Staying Ahead in the Count

By Kranacher, Mary-Jo | The CPA Journal, December 2009 | Go to article overview

Staying Ahead in the Count


Kranacher, Mary-Jo, The CPA Journal


An Interview with Jonathan Mariner, CFO of Major League Baseball

After a recent speech to students at York College of the City University of New York (CUNY). Jonathan Mariner sat down with CPA Journal Editor-in-Chief Mary-Jo Kranacher for an exclusive interview. As executive vice president and chief financial officer for Major League Baseball (MLB), Mariner provided insight into a wide range of topics, including the so-called luxury tax on team payrolls, lhe steroid scandal, and the financial state of baseball in the current economic climate. At a time when many fans are struggling with their own finances. Mariner believes that America's favorite pastime can offer a family an evening of affordable entertainment. Mariner also di.scussed the unique challenges that face accountants working in a specialized, high-profile industry. Following is an edited transcript of the conversation.

A CPAs Career in Industry

The CPA Journal: TeB us about how you came to be the CFO of Major League Baseball

Jonathan Mariner: I ended up here not because this is a job that I have always had in my sights. My path here came from having been CFO for the Florida Marlins franchise for almost 10 years. Through that particular job, I had exposure to this office. When I spoke to the commissioner of baseball, he mentioned to me that he was reorganizing the office here and he had a job in mind for me. He wanted to know if I would come to New York, and at that point it was the right time in my life. My kids were going off to college, and I thought, TIl give it a shot."

I'm into my eighth year now, and I can honestly say that I absolutely have not looked back.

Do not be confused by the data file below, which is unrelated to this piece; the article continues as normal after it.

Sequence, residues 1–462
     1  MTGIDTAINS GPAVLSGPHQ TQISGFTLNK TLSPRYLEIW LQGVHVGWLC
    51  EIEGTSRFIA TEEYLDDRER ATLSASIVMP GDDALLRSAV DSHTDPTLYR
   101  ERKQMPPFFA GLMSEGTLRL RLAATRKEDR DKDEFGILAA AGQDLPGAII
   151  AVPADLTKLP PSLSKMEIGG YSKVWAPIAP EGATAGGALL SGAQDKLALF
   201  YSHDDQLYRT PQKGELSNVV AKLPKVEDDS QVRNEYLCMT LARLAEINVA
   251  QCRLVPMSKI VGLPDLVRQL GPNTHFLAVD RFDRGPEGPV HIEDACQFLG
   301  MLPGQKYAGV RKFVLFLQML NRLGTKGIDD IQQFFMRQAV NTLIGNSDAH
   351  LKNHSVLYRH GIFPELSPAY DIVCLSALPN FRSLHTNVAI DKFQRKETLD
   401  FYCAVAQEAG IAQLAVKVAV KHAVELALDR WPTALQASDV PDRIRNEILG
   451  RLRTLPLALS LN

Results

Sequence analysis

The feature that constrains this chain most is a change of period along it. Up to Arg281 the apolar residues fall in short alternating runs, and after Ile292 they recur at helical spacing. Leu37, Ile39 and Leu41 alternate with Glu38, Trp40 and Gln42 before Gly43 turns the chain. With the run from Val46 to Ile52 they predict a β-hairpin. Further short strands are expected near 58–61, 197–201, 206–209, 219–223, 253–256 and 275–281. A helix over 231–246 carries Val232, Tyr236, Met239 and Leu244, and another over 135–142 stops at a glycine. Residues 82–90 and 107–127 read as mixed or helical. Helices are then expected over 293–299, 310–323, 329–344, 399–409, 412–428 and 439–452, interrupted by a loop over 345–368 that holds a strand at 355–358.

CPAJ: What are the most challenging aspects of your job?

Mariner: The challenging part is that this is one of the few industries where every single day you've got a dozen sports writers looking to do a story about you. When a business like Amtrak or General Motors is having a tough time, you don't get a lot of people saying, "I know what they need. I can fix that" In our business, everyone's got an answer. The biggest challenge we face is simply trying to get our story out in a factual way. Often, writers want to cover a story before it's done: "When are the Cubs going to be sold?' We say, "Well we don't know yet Let's get them sold and then we'll talk about it."

CPAJ: What would you change about your industry if you could?

Mariner: There's not a lot that I would change. Over the last five or six years, we've really done a lot of fine-tuning. We are at a peak in terms of our fan exposure and fan acceptance, as well as economically. We've got parity across our industry.

There are things that we talk about wanting to change in terms of some of the mechanics of the game, such as the draft. Our draft system needs to be changed a bit. I think we're going to talk about that at the next collective bargaining agreement in March 2011.

Budget Breakdown

CPAJ: What's the total budget for Major League Baseball? Does your organization have an annual audit?

Mariner: We have lots of audits. We have lots of entities. I don't know the exact count, but we have at least 12 to 15 entities that are all audited. Ernst & Young are our auditors, and they spend a lot of time here in the off-season. The best way to talk about our budget is to talk about the different entities that exist in central baseball, as compared to the teams. Each team handles its own budget, and the average team's budget is probably somewhere between $200 million and $300 million.

The newest entity that we set up this season is a new cable network. It will probably be somewhere in the range of $300 million to $400 million in terms of its budget. Another entity that I'm sure a lot of people who follow baseball have visited is our website [www.mlb.com], which is officially named Major League Baseball Advanced Media LP. Their budget is probably in the $450 million range. We also have an entity that handles all of our licensing. …

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